Then in January 1944 I was sent to Pearl Harbor on this L.S.T. It took ten days. They had just finished raising the U.S.S. Oklahoma, that had been sunk in December 1941. Now, the cleanup work….we got down through three decks, and there was a lot of mess to clean out and remove. Body parts. It was scary down there. We did that, did some work at Pearl Harbor and then after three days they called nine of us away~ and that is when I ended up on the Indianapolis.
Iwo Jima. We (meaning the Americans) bombarded the Japanese who were dug in there, but they were so well dug in that there had to be a second bombardment, and then after that men still had to go in with flamethrowers and put them up to those slots in the bunkers and drive them out. My position as a range finder operator gave me a ringside view when they raised the American flag on Mount Suribachi. I went below and asked one of the officers if Iwo Jima had been secured, and he said ‘no’ and I said to him, ‘well, we just raised the flag’ and he said ‘Lebow, you must be crazy.’
Raising the flag
From Iwo Jima, we went to continue the bombardment on Okinawa before the landing there.
In March, March 31st,1945, we were hit by a suicide bomber. There were nine sailors killed, and after we were patched up we put in to Vallejo for repairs. I still have a piece of the suicide plane buried away here. A lot of the men kept pieces, had them made into bracelets. I left mine home on my last leave, so I never made it into a bracelet.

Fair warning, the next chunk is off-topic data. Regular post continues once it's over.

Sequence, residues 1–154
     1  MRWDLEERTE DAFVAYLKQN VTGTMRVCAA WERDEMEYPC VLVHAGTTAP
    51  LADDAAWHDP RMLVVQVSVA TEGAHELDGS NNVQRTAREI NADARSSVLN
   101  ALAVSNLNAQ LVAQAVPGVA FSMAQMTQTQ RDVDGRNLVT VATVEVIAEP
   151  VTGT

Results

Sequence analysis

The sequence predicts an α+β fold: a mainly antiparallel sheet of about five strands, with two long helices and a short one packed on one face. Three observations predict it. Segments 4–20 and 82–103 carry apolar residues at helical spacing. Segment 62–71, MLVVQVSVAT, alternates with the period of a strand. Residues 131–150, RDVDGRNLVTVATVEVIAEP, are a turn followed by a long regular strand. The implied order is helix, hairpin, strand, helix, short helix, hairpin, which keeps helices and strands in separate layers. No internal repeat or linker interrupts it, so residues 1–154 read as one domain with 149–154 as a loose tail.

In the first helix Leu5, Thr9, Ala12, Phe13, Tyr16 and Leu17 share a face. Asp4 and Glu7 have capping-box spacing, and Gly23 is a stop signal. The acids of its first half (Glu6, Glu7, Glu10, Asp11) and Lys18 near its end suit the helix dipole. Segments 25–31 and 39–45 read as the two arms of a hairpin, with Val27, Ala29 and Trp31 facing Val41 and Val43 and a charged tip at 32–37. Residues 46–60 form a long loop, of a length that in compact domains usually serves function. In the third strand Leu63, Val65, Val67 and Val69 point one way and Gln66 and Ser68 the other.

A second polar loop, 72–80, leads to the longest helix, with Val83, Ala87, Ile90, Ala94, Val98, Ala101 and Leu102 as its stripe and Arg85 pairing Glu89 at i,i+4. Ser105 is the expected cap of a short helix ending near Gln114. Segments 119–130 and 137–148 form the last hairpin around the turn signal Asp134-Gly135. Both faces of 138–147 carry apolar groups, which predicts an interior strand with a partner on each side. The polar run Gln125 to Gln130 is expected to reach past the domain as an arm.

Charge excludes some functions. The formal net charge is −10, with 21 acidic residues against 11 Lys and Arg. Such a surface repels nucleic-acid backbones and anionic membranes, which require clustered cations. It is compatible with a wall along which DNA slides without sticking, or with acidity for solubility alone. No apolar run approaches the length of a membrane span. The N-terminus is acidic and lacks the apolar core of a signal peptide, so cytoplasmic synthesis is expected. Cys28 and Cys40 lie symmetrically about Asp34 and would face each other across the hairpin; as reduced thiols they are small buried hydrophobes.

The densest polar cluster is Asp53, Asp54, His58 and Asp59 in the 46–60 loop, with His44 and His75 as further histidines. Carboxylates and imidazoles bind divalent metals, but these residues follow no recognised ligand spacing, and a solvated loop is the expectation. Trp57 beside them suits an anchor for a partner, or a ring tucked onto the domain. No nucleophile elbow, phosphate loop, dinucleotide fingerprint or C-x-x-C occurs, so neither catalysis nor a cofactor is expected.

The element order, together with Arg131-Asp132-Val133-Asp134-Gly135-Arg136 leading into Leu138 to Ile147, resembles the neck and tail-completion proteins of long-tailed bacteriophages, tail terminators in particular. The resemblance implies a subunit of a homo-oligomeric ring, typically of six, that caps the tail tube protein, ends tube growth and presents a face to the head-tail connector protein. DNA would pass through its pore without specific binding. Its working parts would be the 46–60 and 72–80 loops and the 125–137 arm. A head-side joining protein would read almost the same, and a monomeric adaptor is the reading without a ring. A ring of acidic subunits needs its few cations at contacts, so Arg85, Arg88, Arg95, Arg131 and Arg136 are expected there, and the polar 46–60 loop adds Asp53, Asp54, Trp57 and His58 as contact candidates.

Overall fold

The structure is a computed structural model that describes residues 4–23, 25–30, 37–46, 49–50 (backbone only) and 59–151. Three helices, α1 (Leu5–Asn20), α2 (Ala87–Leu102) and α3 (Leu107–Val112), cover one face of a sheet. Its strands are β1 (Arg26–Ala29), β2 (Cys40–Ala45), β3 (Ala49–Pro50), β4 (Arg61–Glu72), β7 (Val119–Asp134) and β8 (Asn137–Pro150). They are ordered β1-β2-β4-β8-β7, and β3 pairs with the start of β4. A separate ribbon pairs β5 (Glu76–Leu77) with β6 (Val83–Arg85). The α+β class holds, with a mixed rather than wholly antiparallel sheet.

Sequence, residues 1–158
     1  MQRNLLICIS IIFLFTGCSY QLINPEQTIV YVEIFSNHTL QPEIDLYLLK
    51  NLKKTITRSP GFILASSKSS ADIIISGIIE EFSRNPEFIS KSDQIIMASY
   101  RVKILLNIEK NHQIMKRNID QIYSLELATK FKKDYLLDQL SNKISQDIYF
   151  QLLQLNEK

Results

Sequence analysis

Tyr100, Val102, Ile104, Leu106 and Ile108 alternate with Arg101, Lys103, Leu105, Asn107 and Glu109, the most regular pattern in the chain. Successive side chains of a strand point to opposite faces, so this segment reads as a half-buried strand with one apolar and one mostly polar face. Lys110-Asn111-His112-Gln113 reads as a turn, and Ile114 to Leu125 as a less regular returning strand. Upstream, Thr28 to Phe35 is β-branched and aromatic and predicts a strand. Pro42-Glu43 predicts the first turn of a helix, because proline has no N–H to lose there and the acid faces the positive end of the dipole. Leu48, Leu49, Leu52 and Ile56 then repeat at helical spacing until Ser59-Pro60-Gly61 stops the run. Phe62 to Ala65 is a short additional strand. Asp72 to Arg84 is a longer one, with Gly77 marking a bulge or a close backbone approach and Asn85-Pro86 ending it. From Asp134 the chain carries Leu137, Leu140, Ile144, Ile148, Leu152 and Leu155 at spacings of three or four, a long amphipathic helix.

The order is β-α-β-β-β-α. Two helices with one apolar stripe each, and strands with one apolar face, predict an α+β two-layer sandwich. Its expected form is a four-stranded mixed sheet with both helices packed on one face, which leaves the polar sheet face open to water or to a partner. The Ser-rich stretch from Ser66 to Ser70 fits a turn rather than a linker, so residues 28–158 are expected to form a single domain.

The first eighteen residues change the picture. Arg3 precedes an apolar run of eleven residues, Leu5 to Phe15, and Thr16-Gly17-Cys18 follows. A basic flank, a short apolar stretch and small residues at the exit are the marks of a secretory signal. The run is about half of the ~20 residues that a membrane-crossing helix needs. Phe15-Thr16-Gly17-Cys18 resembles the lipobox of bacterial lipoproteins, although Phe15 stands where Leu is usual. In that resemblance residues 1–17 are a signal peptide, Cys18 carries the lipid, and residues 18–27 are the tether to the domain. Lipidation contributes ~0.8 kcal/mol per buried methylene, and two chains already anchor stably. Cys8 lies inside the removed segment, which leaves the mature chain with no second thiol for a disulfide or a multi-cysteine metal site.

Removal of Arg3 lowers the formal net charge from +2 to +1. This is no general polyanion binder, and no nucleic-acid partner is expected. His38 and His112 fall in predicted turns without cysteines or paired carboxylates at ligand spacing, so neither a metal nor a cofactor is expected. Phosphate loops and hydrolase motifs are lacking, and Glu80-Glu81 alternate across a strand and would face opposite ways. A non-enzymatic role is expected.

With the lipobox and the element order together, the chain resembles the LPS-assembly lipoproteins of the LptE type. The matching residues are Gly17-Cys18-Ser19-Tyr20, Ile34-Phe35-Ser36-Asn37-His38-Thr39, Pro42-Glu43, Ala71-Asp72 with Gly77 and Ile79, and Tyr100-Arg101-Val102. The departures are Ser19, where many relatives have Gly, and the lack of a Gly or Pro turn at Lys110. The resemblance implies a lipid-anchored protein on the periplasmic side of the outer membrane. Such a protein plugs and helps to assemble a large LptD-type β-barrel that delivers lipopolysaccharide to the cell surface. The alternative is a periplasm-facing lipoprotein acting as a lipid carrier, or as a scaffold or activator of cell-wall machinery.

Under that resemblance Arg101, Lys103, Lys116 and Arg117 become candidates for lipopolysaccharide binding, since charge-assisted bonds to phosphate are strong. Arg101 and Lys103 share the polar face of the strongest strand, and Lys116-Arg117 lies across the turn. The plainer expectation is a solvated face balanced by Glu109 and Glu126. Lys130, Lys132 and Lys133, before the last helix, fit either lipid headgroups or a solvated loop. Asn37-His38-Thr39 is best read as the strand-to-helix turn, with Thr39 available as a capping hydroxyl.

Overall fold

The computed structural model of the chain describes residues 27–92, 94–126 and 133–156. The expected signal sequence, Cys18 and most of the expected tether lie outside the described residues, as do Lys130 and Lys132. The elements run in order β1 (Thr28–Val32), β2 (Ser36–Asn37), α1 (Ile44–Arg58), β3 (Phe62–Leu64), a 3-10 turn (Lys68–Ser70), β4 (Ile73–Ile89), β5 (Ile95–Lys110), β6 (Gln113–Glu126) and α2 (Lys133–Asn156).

I went home, to Abernathy, Texas, on leave that June. I was outside playing touch football with my brothers and sisters- I had eleven brothers and sisters, so we had enough for our own team (laughs)- and when I went into the house to get a drink, my mother came up to me and said ‘Cleatus, what’s wrong?’ and I said ‘nothing.’ She said “There’s something bothering you. What’s wrong?” and so I told here that I was dreading going back to the ship. I didn’t want to go. I had...I knew that something dreadful was going to happen. She said to me ‘I wish I could go in your place, but I can’t. But, we both know who can go with you’ and I knew what she meant and I said ‘Yes, I know, Jesus can go with me.’